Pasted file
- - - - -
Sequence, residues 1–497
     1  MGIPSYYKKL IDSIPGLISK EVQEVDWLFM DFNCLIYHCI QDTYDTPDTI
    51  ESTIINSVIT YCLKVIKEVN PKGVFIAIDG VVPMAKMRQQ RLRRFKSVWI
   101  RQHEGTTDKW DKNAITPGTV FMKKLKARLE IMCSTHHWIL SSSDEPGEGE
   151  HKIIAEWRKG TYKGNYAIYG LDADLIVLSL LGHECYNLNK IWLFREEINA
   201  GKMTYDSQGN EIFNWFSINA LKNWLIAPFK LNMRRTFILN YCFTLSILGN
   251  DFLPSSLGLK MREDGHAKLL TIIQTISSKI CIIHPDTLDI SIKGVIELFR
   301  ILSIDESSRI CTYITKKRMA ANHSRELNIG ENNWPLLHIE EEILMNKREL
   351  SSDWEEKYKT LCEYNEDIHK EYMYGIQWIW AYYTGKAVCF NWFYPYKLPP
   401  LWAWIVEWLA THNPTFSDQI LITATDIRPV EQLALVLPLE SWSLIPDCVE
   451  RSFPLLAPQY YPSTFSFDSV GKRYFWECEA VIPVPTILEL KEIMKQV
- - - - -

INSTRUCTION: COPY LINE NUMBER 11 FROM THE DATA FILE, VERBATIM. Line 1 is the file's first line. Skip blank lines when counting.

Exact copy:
   451  RSFPLLAPQY YPSTFSFDSV GKRYFWECEA VIPVPTILEL KEIMKQV